In one word:

question and example could test locally:

sh -c "echo 'how to print single quote here'"


I have a config like this:

upload_server = ('', 10051)

now I need a shell script to replace server config. Locally I can do it with sed:

sed -E 's/(    upload_server = ).*/\\1('\"'$a'\"', 10051)/g' config.py

but there's huge amount of machines have to change the config.

a proper plan is to use ssh with for..in:

for i in `cat hosts`; do ssh $i "cmd"; done

but to change config also need a sudo, it looks like this:

for i in `cat hosts`; do ssh $i "sudo -c \"cmd\""; done

and now within sed:

cmd="sed -E 's/(    upload_server = ).*/\\1('\"\"'\"'${upload_server}'\"'\"\"', ${upload_server_port})/g' config.py"
ssh $i "sudo -c \"${cmd}\""

the result of config:

upload_server = (, 1000)

which should be like this:

upload_server = ('', 1000)

Now I'm confused a lot in quotes usage. :(

  • 1
    sudo -c? Why not just sudo cmd? – muru Jan 17 '17 at 4:17
  • this can help do a reduction of quotes, but there is still problem... – jixiang Jan 17 '17 at 4:55
  • 3
    Even someone who would feel comfortable in escaping them properly would chose not to do it that way because it is too confusing for nothing. Why don't you write a nice little script and scp it to the target before running it? That is much simpler, clearer, and adaptable. – Julie Pelletier Jan 17 '17 at 5:40
  • @JuliePelletier Yes, this is a simplest way. But a one-line-script looks the same as hold a candle to the sun. – jixiang Jan 17 '17 at 7:02
  • What's about if you write your upload_server without quotes? upload_server = (, 10051). Anyway, for your purpose, I think that it will be easier for you to use some automation tool like ansible (github.com/ansible/ansible) – Zumo de Vidrio Jan 17 '17 at 7:59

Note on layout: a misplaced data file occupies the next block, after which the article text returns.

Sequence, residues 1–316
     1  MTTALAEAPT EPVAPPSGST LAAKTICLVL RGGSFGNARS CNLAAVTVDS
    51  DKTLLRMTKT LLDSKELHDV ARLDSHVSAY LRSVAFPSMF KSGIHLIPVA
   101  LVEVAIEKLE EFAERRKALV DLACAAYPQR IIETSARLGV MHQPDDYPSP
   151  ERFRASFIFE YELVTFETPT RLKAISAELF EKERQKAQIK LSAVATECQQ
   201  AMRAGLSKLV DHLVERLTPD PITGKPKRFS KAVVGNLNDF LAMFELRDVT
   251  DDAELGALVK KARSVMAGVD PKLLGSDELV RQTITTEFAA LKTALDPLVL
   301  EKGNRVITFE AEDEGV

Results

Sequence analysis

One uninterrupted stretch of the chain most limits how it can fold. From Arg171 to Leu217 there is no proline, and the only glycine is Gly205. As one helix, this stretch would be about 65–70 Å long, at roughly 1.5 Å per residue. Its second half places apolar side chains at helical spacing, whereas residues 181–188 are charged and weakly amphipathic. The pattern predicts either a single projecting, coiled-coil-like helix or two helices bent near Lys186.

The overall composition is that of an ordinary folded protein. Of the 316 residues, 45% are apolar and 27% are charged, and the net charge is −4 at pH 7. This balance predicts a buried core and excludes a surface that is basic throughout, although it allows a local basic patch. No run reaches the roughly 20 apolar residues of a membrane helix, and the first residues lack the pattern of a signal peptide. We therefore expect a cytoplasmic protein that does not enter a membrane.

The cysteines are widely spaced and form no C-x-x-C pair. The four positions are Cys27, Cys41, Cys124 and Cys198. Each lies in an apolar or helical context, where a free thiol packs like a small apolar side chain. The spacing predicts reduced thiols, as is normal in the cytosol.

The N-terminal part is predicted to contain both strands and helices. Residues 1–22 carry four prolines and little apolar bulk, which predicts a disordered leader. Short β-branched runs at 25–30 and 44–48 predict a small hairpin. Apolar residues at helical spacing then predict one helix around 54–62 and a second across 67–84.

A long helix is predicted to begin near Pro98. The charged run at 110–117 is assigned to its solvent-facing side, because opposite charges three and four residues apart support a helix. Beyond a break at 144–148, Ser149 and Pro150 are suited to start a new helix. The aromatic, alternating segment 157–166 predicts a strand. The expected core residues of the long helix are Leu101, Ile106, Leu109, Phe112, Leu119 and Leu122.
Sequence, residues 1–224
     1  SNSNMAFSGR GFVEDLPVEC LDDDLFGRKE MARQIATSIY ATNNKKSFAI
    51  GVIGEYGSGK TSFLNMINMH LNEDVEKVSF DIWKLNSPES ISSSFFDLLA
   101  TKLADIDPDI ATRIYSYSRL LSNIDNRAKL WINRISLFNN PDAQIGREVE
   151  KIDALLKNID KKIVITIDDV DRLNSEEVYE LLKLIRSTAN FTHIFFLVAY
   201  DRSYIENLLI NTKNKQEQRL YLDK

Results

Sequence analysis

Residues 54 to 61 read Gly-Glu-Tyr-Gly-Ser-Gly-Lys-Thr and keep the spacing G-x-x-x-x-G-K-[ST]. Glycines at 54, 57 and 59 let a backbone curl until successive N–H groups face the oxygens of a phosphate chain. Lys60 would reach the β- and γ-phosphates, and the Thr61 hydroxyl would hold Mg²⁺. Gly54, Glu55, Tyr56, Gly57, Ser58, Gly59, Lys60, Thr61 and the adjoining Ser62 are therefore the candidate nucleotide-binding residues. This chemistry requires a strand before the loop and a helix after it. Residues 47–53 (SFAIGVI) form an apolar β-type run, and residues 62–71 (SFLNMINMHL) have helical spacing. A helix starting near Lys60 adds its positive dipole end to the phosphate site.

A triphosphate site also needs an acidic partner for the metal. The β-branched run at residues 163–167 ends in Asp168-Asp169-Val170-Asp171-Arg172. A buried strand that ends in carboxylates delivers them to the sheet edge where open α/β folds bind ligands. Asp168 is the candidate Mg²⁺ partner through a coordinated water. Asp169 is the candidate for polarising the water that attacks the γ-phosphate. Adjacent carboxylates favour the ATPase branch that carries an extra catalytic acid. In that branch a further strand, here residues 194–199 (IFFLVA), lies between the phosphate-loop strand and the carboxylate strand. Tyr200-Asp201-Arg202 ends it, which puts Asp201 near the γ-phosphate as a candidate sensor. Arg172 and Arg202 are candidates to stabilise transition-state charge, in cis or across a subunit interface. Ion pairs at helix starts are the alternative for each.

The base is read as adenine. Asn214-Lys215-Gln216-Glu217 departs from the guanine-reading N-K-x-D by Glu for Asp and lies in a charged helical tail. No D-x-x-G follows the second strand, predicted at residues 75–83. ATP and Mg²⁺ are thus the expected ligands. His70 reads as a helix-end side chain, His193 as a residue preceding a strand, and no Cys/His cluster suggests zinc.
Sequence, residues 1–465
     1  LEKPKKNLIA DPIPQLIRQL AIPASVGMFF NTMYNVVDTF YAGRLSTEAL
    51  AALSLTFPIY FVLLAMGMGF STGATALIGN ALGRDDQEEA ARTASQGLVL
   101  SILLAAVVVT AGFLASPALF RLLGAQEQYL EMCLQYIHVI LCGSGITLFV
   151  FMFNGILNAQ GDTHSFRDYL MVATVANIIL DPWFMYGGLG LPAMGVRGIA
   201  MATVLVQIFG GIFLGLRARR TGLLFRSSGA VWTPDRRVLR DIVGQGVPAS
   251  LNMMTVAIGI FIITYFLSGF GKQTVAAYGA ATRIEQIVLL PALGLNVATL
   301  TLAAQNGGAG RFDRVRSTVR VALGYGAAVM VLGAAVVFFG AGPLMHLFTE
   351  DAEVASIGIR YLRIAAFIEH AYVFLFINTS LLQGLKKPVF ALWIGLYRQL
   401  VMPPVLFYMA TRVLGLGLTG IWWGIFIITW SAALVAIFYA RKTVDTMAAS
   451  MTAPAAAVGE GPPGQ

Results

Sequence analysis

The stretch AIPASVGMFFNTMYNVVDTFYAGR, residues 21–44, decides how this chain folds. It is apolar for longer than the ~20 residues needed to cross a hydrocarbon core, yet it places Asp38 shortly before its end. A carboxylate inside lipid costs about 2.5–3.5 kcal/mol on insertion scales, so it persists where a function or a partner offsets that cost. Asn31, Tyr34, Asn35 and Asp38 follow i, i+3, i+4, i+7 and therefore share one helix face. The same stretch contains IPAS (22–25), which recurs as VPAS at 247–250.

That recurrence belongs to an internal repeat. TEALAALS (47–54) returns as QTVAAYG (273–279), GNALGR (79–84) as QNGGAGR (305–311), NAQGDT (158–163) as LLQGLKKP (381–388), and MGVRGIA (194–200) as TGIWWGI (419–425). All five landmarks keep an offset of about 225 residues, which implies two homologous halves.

In this case, you can bypass the quoting issue entirely by passing the sed script on standard input. SSH routes the local standard input to the remote process, sudo just leaves it open, and sed can read its script on stdin. You can pass content for stdin with a here document.

for i in `cat hosts`; do
  ssh "$i" 'sudo sed -f - …' <<'EOF'
s/(    upload_server = ).*/\1("$a", 10051)/g

More generally, you can pass a shell snippet on stdin through SSH without worrying about quoting, as long as you don't need to also pass data on stdin.

for i in `cat hosts`; do
  ssh "$i" sudo sh <<'EOF'
sed 's/(    upload_server = ).*/\1("$a", 10051)/g' …

It isn't clear from your question whether you intended to insert "$a" into the configuration file, or "something" where the value of the variable a in the local shell is something. If you want to refer to the local variable, then use a here document with interpolation, and protect $\` in the here document with backslashes. Note that due to the parsing by sed, and by the remote shell in the second snippet, the value of the variable must not contain any of the characters \/' or a newline.

  ssh "$i" sudo sh <<EOF
sed 's/(    upload_server = ).*/\\1("$a", 10051)/g' …
  • quotes works well, but $a cannot be interpreted... – jixiang Jan 19 '17 at 3:32
  • @jixiang Did you mean $a to insert dollar-a in the configuration file, or to insert the content of the variable a defined in the shell on the local machine? This wasn't clear from your question. If you want to refer to the local variable (unlike the code snippet in your question), then you need to use a here document with interpolation. – Gilles Jan 19 '17 at 12:35
$ ssh localhost sh -c \"echo \\\'how to print single quotes here\\\'\"
'how to print single quotes here'

$ ssh localhost echo \\\'how to print single quotes here\\\'
'how to print single quotes here'

To understand the rules, remember that one level of quoting is stripped by the local shell, then SSH invokes a remote shell which strips a second level of quoting.

  • Thanks for your answer, but your answer maybe a misconception of my question. I mean inner the echo '', with an ' output. which echo is in "" . look my details for understand why I'm doing this. – jixiang Jan 18 '17 at 15:22
  • @jixiang: ssh localhost sh -c "\"echo \'how to print single quotes here\'\"". You need doublequotes around echo ... because sh -c expects the command to be one single argument. – AlexP Jan 18 '17 at 16:28
  • :) test pass on echo.... but on sed still not work.....very complicated.... – jixiang Jan 19 '17 at 3:23

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